As Enrollments Decline, Lawmakers Ponder Changes to School Funding Formula

Suzanne Potter | California News Service
School districts that have suffered lower attendance and enrollment during the pandemic are looking to the state for help stabilizing their budgets going forward. Photo Credit: Wong Sze Fei / Adobestock

Leaders in education across the state are debating the merits of a bill to change the way schools in California are funded.

Senate Bill 830, introduced by State Superintendent of Schools Tony Thurmond, would stop the current system of funding schools based on average daily attendance (ADA) and count enrollment instead.

Erin Simon, assistant superintendent of school support services for the Long Beach Unified School District and president-elect of the Association of California School Administrators, said the current system penalizes low-income school districts where attendance is lower.

“Those districts are already receiving a lesser amount of money for a population that has more needs,” Simon asserted. “I think we need to do better.”

Experts attribute the lower attendance rates to things out of the districts’ control, in neighborhoods where families are dealing with a lack of transportation, or higher rates of asthma, and, more recently, COVID. California is one of only six states to use an attendance-based formula.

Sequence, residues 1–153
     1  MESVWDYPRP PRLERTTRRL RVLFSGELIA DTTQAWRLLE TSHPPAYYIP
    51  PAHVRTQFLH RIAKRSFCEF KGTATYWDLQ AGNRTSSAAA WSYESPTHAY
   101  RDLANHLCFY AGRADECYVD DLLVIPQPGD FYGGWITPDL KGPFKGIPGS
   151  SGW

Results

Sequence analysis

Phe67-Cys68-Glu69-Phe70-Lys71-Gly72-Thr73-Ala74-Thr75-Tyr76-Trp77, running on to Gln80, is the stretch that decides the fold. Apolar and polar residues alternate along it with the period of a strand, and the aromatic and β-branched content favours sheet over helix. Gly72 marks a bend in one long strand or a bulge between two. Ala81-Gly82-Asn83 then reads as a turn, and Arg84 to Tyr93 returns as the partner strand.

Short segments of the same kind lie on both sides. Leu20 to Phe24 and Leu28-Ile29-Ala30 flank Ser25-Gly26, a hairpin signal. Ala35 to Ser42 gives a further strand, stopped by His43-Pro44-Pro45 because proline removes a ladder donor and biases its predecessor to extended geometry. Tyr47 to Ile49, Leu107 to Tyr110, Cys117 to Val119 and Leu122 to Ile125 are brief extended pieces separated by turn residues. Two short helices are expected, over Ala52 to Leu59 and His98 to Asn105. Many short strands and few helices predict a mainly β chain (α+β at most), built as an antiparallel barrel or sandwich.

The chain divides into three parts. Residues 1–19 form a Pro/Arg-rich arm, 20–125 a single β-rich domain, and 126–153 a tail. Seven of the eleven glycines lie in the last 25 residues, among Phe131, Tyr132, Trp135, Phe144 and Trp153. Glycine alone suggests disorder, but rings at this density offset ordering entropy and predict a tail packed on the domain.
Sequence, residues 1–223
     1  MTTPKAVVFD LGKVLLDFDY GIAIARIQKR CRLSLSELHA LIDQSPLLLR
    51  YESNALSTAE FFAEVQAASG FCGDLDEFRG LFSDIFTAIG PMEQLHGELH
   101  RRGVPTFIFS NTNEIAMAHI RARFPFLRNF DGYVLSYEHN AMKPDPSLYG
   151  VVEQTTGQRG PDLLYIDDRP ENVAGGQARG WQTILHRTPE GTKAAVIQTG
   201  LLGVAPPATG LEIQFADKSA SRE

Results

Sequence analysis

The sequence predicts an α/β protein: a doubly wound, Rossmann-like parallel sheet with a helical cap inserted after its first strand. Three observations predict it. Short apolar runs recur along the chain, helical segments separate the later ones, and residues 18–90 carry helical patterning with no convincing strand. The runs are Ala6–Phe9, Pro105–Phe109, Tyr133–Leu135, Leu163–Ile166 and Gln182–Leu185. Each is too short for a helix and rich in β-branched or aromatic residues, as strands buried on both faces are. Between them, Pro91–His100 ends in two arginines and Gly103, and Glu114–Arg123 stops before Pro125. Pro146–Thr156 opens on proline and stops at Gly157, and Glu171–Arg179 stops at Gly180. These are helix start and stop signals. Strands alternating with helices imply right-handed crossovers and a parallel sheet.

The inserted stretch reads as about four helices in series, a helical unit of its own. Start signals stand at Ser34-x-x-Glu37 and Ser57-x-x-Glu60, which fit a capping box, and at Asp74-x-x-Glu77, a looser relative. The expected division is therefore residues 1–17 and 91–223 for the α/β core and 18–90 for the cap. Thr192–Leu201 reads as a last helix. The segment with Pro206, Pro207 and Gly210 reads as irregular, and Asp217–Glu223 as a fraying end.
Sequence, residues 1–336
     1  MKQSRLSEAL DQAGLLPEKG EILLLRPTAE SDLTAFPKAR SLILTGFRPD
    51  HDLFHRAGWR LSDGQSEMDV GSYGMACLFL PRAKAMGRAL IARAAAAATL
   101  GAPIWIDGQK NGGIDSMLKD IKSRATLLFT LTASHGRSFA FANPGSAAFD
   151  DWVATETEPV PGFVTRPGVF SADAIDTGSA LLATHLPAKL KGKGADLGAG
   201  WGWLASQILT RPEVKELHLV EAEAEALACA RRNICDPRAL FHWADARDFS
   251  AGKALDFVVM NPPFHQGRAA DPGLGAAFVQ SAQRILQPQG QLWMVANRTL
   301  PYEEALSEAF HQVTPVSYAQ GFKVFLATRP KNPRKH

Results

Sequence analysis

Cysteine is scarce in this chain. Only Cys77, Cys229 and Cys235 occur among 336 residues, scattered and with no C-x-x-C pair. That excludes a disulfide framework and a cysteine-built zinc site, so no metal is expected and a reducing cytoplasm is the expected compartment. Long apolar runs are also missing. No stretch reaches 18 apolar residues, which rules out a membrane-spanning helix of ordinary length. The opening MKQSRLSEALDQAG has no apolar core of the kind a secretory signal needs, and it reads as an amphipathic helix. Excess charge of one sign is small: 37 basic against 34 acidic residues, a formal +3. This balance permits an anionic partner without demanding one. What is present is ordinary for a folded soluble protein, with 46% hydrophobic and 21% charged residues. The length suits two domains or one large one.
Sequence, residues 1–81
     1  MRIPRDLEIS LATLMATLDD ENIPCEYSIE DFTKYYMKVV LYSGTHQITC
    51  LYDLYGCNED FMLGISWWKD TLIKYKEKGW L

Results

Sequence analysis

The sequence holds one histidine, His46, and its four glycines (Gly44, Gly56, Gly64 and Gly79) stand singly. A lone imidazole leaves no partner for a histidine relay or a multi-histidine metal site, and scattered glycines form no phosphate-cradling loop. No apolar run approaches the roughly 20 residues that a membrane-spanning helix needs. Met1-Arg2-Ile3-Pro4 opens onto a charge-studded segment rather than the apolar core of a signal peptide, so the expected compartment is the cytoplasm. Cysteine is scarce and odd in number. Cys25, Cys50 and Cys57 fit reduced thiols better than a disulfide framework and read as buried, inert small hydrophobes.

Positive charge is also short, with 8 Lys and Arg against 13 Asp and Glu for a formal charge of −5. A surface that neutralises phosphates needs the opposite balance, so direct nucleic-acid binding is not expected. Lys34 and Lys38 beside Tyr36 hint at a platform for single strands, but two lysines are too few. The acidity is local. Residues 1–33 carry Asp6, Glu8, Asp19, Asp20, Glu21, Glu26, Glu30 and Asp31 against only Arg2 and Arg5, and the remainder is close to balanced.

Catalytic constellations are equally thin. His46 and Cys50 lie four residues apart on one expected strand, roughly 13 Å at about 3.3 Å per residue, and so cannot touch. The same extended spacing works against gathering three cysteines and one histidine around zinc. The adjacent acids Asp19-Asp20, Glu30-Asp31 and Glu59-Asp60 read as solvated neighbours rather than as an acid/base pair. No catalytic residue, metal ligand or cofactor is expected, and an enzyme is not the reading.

Carrie Hahnel, senior director of policy and strategy at the nonprofit Opportunity Institute in Berkeley, said the debate over how to fund schools ignores the bigger picture.

“Making a switch from ADA to enrollment is not a solution to the declining enrollment crisis,” Hahnel argued. “It could provide a short-term band-aid for some school districts that are really feeling the fiscal pain that comes with enrollment loss.”

The State Department of Finance projects a 9% decline in enrollment between now and 2031, a drop of half a million students, a phenomenon linked to the high cost of living in the Golden State.

Julien Lafortune, research fellow at the Public Policy Institute of California, said Los Angeles has been hit the hardest.

“(Los Angeles) County, for example, has seen a 12% drop over the last decade and actually projects an even larger decline, about 20%, over the next decade,” Lafortune observed.

He noted parts of the Central Valley, Bay Area and Sacramento Valley which saw growth in recent years are now projecting slight declines. Districts in the Sierras and northern Sacramento Valley are projecting modest increases in enrollment.